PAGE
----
Snacking and entertaining are indeed huge trends. In fact, nearly half (47 percent) of U.S. consumers snack everyday, according to the State of the Specialty Food Industry research, 2019-2020 edition, by the New York, NY-headquartered Specialty Food Association. Plus, half (50 percent) of Americans entertain guests at home at least once a month, and nearly one-quarter (21 percent) do so daily or weekly, according to results of a 2017 published online survey released by German market research group, GfK.

“We’ve seen delis begin stocking more of our bulk, traditional snack sausages right in the case, like Landjaeger—a rich, peppery Alpine-style snacking sausage, Beef Sticks, All-Beef Summer Sausage, and other shelf-stable sausage sticks that fit the desire for snacks and creating platters at home,” says Nueske’s Dorsch.

New premium snacking kits sold under Cargill’s Castle Wood Reserve brand contain rolled deli meat paired with a unique cheese and sides, like dark chocolate dried cherries or yogurt-covered granola clusters.

For snacking or entertaining, Piller’s Fine Foods’ 6-ounce Black Kassel-brand charcuterie trio includes the Brantford, Ontario-based company’s signature-shaped salamis: heart-shaped D’Amour, square/diamond-shaped mustard seed and flower-shaped Old Forest.

“The artisanal shapes lend themselves to elevated entertaining,” says Stephanie Eagan, director of marketing. “The retail-friendly trio is shelf stable, offering greater merchandising flexibility within the deli department or other areas of the store. The peggable trio can be displayed in or out of refrigeration in its retail-ready display box, baskets and more.”


Transparency is a huge selling point in delis today, according to the IDDBA’s Richard. “This encompasses everything from telling customers what’s in a product to how it’s made. It’s an especially important point for deli meats, since these are processed products.”

A cleaner label product is becoming more paramount and asked for, more than ever before, as the average shopper is becoming more educated, manufacturers say.

“The deli category hasn’t experienced much growth in the ABF (antibiotic free) or organic product space, but natural and clean-label, premium products have grown. To respond to this, we offer premium deli products with no nitrates or nitrites, no added hormones or steroids, made from whole turkey breast, and all our products bear the American Humane Certified seal,” says Butterball’s Grant.

For shoppers looking for a ‘better for you’ option, Piller’s Fine Foods is launching a 4-ounce All Natural Charcuterie Trio. This package offers three uncured salamis—Double Smoked, Spicy Hungarian and Black Peppercorn. All three flavors are minimally processed and contain no artificial ingredients, flavors or colors; no preservatives; no nitrates and nitrates added, and are made with pork raised with no added hormones.

Beyond the ingredient label, 93 percent of consumers think it’s important for brands to provide more detailed information about what is in a food and how it’s made, according to The Transparency Imperative 2018, published by the Vienna, VA-based Food Marketing Institute in partnership with Label Insight, headquartered in Chicago. What’s more, 74 percent of shoppers in 2018, compared to just 39 percent in 2016, said they’d switch from their usually purchased brand to one that provides more information than just what’s on the label.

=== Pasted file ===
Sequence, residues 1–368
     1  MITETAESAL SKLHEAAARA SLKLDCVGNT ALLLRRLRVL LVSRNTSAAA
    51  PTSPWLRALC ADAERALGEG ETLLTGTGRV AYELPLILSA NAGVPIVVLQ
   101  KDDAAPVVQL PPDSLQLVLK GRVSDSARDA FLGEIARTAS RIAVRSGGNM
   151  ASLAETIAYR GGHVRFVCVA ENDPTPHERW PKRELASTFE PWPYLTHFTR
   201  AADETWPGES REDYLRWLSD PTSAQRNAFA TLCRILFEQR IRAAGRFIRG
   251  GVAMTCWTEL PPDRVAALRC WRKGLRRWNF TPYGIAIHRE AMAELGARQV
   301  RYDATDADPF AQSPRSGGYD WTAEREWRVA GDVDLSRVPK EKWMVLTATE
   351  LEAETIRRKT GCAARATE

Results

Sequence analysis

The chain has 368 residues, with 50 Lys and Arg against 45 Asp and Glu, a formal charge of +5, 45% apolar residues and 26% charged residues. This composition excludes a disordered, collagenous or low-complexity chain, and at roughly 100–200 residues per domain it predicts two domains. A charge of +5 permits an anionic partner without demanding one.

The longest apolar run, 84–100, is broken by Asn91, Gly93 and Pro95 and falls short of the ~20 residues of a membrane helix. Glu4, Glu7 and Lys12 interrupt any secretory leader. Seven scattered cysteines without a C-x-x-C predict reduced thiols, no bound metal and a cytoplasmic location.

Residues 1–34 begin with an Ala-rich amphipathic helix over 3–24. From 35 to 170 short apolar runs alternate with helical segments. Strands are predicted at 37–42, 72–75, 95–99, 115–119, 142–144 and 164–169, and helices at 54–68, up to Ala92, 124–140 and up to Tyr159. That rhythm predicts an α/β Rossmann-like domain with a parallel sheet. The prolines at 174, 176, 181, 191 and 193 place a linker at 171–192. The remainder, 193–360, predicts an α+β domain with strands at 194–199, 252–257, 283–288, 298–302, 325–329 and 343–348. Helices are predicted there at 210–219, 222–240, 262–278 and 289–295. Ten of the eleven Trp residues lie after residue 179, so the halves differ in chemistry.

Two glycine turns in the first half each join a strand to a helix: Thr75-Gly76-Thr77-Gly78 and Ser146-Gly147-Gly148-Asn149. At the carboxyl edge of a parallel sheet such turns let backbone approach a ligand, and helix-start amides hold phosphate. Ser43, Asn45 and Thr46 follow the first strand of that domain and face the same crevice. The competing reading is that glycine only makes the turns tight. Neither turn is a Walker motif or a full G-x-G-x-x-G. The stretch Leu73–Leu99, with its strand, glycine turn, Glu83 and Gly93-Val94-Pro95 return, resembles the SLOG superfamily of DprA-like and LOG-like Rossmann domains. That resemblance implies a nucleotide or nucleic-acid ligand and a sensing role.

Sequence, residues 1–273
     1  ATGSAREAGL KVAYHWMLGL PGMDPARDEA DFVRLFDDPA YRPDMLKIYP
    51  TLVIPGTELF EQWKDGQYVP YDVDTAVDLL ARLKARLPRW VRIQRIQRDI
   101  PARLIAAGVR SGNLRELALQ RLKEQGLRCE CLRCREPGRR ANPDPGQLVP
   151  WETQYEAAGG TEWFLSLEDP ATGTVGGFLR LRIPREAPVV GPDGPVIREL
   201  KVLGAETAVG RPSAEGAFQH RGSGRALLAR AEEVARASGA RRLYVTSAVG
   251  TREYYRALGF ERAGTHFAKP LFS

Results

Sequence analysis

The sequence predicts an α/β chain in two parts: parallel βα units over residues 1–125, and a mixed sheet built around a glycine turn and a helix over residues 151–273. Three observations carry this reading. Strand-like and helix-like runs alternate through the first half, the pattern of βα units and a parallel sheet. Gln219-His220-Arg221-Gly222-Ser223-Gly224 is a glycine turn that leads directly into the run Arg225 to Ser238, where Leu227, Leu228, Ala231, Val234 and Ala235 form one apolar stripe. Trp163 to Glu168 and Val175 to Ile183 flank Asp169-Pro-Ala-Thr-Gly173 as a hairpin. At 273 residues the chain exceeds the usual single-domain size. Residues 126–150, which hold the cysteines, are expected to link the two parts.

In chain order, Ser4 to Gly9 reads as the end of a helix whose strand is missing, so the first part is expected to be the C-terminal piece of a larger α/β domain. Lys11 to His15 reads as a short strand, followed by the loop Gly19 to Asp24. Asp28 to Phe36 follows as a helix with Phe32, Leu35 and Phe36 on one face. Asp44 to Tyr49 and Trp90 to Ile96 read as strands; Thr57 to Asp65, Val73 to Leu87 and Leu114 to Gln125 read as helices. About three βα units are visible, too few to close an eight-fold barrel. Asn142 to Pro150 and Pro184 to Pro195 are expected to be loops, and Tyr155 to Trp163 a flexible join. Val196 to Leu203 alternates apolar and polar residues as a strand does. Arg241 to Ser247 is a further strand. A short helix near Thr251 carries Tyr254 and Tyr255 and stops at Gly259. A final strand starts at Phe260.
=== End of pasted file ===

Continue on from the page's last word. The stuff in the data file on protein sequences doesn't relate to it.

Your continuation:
“We have a growing handful of deli customers that have maps showing the locations of all their product suppliers on the wall—they’re a fun graphic to look at and familiar maps, like those of the U.S. or even of particular states, engage customers on a personal level. Maps give shoppers a way to relate to their purchases. It’s just such an effective, memorable way to show where food comes from,” says Nueske’s Dorsch.


With the maturing Millennial generation able to spend more money than the Baby Boomers, the need for ‘something new’ more often is important for the retailer in providing new options, says Pocino Foods’ Pierson. “For example, take any sandwich and put it on a pretzel bun. Slice your roast beef into a chipotle Philly cheese sandwich.”

Restaurant-quality ways to use deli meats are one reason why Columbus Craft Meats offers high-quality whole muscle but not flavored meats, according to Evan Inada, charcuterie and partnerships director for Hayward, CA-based Columbus Craft Meats, a brand of the Hormel Foods Corp., headquartered in Austin, MN. “Shoppers want quality first in their deli meats, then they want to know what they can do with it. For example, five years ago no one really knew what to do with roast pork loin. Now, deli operators can cross merchandise the pork with, say, a Havarti or Brie, and apple chutney and the consumer can make sandwiches like what they could order out at a restaurant for double or more the price.”

Charcuterie is another big opportunity to upsell deli meats and much more, Inada adds. “Helping a deli customer choose maybe three good salamis, a pâté perhaps, two to three cheeses, a jam, berries or grapes and maybe some dark chocolate. That can quickly add up to a $75 to $100 basket ring.” 

Both upscale sandwiches and trays lend themselves to customization. 

Seventy-two percent of consumers today expect restaurants to accommodate customization requests, according to the 2019 Flavor Consumer Trend Report, from the Chicago-based market research group, Technomic. 

“Deli meats can be used for many more applications, including salad and soup toppers, salad kits, in-store made upscale lunches or snacks and as a pizza topping. For example, we’re seeing an uptick in mortadella on pizzas. The new usage options for deli meats are endless,” says Columbus’ Inada.     DB